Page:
Last July, one of the Houston area's oldest supermarkets (original building, still operating) turned 60. A feat that supermarkets rarely can meet, this store is Randalls #3064 (#64-pre Safeway), located at 5130 Bellaire, in a triangular-shaped lot bounded by Bellaire Boulevard, South Rice Avenue, and Bissonnet Road (Old Richmond in 1959). This Carbon-izer section will cover 60 years of history in five minutes.

While newspapers can be hit and miss as far as store history goes, the opening of the store was so big in 1959 that the Bellaire Texan devoted a number of pages to it and its many new features. These can be seen in the links below.

The store did not originally feature a pharmacy (the modern drive-through pharmacy seems to be built under the 1994-1999 Randalls' ownership). Its 1959 features included the bakery and deli department (likely where they are now) but also the "Gourmet" department (which featured everything from macadamia nuts to chocolate-covered ants to smoked meats flown in from New York). Other departments included a courtesy booth for cashing checks and paying utility bills (which continues to exist today), a "Kiddie Cartoon Theatre" ("to park the kids while mother shops"), the drug department (health and beauty aids, no pharmacy), a full tobacco department, a lunch counter, and the home center department (a few Weingarten stores had full "Home Center" departments, complete with clothing and heavy appliances) but this store's "Home Center" department seemed to be mostly limited to plastic items and small appliances. After all, there wasn't much to do with a 33,000 square foot store.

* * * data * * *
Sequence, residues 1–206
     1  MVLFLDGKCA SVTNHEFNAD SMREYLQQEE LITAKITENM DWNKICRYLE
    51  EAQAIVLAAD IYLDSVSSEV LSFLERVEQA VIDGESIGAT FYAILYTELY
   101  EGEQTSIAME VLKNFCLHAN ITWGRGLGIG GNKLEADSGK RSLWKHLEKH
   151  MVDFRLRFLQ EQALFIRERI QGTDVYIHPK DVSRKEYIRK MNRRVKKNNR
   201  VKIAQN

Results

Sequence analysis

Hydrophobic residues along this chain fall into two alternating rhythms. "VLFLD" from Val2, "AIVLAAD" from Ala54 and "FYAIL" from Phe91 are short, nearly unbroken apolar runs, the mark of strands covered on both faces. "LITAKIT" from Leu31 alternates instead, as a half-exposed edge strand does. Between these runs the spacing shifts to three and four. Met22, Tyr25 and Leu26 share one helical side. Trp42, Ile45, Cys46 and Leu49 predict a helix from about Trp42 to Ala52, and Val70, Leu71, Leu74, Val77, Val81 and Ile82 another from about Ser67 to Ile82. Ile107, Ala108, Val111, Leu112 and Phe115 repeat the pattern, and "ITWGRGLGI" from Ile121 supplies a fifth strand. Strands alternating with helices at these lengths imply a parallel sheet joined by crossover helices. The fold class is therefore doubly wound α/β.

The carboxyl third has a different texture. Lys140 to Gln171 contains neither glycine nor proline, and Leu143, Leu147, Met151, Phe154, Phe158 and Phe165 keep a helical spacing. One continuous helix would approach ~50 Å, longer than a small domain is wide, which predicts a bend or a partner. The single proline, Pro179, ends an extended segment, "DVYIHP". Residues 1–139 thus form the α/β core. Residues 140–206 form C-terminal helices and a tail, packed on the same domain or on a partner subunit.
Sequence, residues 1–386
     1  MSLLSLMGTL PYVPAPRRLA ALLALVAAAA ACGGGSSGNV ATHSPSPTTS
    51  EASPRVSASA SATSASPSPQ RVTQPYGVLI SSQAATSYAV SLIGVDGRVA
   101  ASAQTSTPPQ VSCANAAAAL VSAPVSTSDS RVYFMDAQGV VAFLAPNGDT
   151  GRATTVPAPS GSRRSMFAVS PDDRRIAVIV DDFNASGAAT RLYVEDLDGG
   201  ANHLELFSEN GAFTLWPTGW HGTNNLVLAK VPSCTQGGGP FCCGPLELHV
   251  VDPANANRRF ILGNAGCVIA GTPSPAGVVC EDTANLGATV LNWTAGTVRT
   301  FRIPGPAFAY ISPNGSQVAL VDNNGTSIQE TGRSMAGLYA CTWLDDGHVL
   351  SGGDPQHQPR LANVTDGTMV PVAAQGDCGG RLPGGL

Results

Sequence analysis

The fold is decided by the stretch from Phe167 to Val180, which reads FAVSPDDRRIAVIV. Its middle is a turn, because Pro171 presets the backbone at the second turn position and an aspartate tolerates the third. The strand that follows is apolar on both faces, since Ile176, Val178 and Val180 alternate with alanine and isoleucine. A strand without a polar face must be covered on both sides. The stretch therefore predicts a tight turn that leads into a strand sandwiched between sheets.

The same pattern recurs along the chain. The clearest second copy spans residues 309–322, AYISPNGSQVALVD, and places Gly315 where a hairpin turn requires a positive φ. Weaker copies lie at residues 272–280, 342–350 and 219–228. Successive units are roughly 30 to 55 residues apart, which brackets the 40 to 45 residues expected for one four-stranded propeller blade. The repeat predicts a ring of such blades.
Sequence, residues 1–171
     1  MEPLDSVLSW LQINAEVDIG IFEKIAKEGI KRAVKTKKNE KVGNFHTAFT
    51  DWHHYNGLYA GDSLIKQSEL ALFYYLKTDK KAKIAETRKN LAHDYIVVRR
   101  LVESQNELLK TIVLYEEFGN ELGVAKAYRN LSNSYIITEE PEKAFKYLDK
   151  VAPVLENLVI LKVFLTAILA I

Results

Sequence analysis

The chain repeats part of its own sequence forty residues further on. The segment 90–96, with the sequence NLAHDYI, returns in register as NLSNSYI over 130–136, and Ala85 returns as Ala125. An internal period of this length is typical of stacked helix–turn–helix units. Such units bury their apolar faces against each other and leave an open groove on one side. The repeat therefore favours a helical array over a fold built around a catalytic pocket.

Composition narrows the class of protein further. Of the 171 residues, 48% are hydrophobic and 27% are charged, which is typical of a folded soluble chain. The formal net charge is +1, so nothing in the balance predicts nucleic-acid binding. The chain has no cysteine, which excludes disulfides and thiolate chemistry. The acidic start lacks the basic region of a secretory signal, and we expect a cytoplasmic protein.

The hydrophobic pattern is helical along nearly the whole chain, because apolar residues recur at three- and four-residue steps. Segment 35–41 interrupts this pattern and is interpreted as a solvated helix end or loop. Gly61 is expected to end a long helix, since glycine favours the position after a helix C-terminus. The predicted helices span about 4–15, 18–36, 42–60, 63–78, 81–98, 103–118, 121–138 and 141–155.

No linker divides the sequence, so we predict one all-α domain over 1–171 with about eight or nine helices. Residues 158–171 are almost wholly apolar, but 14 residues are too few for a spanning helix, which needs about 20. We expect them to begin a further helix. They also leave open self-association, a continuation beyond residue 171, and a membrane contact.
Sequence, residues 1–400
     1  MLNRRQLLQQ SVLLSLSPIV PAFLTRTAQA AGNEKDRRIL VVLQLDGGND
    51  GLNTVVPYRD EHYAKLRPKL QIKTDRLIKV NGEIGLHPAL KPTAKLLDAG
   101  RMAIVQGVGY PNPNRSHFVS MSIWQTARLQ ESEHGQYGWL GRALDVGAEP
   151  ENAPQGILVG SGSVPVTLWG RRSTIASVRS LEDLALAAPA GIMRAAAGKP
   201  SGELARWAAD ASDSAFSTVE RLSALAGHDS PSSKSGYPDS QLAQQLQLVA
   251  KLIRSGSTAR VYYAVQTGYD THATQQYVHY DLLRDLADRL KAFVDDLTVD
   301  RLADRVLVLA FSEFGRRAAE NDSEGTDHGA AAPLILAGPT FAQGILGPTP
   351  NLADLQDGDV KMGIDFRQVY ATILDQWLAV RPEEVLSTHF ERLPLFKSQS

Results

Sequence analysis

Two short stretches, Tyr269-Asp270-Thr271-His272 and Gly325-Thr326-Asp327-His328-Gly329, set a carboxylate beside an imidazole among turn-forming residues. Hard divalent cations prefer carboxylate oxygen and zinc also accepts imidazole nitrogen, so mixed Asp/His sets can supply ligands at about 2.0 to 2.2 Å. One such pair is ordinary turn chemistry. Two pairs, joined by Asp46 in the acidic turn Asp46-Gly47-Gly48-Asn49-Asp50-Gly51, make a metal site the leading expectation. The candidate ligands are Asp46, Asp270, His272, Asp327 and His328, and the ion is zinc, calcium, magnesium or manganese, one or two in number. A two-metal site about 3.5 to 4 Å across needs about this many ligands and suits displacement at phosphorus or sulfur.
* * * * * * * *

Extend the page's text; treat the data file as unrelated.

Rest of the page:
Shortly after the store turned 20, it would face a series of changing hands that would ultimately temporarily close the store twice. First, the Weingarten stores were purchased by corporate raider James Goldsmith, who merged them into the Northeastern grocery chain Grand Union, ultimately changing Weingarten's logo into a variation of Grand Union's (with the same "red dot"), along with Virginia-based Big Star, only to announced the dismantling of the chain in December 1983 (the College Station store lasted just two months). In January 1984, Safeway Stores Inc. purchased over half of Weingarten's stores when Grand Union dismantled the chain, and closed them for a few days for inventory purposes and rebranding, incorporating them into their Houston division. During Safeway's operation of the store, it was open 24 hours a day (according to an advertisement from the era).

By the time Weingarten was sold to Safeway, the largely glass facade had been bricked in.

The Safeway name would only last for a few years. In 1987, Safeway Stores began selling off a number of its divisions, exiting much of the central United States. The Houston division of Safeway (along with the distribution center and facilities) was spun off as an management-led buyout and renamed as AppleTree, which would be the store's new name starting around 1989. Once again, the store's owner would be put on the sale block, with AppleTree going out of business in late 1993 (though a few of the stores continued to operate as AppleTree well into the 2000s, but none in Houston). The new buyer of the store was Randalls, bringing the store back into Houston-based ownership.